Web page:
Send to

Choose Destination
Clin Chem. 1999 Jan;45(1):7-17.

New insights into the role of nuclear factor-kappaB, a ubiquitous transcription factor in the initiation of diseases.

Author information

Pathology and Physiology Research Branch, Health Effects Laboratory Division, National Institute for Occupational Safety and Health, Morgantown, WV 26505,


Nuclear factor-kappaB (NF-kappaB) is a ubiquitous transcription factor that governs the expression of genes encoding cytokines, chemokines, growth factors, cell adhesion molecules, and some acute phase proteins in health and in various disease states. NF-kappaB is activated by several agents, including cytokines, oxidant free radicals, inhaled particles, ultraviolet irradiation, and bacterial or viral products. Inappropriate activation of NF-kappaB has been linked to inflammatory events associated with autoimmune arthritis, asthma, septic shock, lung fibrosis, glomerulonephritis, atherosclerosis, and AIDS. In contrast, complete and persistent inhibition of NF-kappaB has been linked directly to apoptosis, inappropriate immune cell development, and delayed cell growth. Therefore, development of modulatory strategies targeting this transcription factor may provide a novel therapeutic tool for the treatment or prevention of various diseases.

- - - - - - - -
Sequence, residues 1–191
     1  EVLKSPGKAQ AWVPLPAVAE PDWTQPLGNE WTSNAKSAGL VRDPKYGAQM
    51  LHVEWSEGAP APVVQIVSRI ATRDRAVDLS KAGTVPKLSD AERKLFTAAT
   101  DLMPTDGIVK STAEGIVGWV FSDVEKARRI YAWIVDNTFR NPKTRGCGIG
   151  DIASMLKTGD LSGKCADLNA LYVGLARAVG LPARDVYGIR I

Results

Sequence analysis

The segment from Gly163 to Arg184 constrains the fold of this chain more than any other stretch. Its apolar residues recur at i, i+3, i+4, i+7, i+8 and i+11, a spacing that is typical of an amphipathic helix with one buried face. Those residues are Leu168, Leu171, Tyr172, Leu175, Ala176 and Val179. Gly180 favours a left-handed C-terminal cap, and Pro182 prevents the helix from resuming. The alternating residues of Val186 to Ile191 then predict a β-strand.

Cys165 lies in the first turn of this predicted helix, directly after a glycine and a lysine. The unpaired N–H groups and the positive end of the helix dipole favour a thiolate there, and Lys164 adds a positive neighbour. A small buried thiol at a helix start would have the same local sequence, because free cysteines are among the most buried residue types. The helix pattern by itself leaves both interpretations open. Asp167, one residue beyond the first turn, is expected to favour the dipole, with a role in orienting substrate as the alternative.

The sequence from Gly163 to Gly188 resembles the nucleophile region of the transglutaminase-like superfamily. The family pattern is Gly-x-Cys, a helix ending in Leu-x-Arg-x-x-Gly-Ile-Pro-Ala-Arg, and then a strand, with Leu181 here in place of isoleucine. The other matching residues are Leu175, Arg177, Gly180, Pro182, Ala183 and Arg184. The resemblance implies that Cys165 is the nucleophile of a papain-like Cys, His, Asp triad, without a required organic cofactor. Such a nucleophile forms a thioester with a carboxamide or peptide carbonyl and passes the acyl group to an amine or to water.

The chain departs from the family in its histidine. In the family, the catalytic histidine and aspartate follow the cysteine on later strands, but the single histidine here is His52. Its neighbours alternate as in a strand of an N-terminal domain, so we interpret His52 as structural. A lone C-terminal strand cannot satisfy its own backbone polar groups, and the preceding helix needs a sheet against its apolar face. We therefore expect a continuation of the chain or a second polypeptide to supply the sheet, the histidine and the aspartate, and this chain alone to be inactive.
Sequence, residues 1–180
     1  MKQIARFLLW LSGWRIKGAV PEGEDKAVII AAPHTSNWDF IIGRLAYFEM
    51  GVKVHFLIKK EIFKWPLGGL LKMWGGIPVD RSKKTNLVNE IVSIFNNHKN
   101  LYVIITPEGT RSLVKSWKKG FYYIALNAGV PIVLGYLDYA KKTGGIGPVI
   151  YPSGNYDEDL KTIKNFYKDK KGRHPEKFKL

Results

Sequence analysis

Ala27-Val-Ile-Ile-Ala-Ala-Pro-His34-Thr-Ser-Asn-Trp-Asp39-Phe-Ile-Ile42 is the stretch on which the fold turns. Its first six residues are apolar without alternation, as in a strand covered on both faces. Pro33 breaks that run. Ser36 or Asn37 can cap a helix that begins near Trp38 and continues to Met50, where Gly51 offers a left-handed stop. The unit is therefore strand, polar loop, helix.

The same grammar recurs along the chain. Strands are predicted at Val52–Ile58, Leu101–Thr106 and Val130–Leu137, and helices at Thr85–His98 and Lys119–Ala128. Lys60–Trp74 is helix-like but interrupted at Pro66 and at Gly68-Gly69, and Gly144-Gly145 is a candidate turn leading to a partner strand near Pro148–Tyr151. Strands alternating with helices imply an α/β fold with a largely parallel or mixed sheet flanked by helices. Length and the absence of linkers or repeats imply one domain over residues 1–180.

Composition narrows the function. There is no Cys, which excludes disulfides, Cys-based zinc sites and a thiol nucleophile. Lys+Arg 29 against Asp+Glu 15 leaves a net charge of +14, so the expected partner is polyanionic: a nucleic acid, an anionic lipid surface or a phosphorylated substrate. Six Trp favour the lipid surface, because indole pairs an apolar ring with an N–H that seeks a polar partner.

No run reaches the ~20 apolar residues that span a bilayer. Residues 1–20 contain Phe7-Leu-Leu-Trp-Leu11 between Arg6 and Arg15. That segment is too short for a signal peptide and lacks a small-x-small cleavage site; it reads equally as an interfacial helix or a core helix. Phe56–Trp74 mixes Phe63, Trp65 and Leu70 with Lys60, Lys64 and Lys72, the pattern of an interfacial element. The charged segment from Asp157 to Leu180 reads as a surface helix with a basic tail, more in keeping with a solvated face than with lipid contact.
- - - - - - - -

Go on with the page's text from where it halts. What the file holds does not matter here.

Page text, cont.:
[Indexed for MEDLINE]
Free full text

Supplemental Content

Full text links

Icon for HighWire
Loading ...
Support Center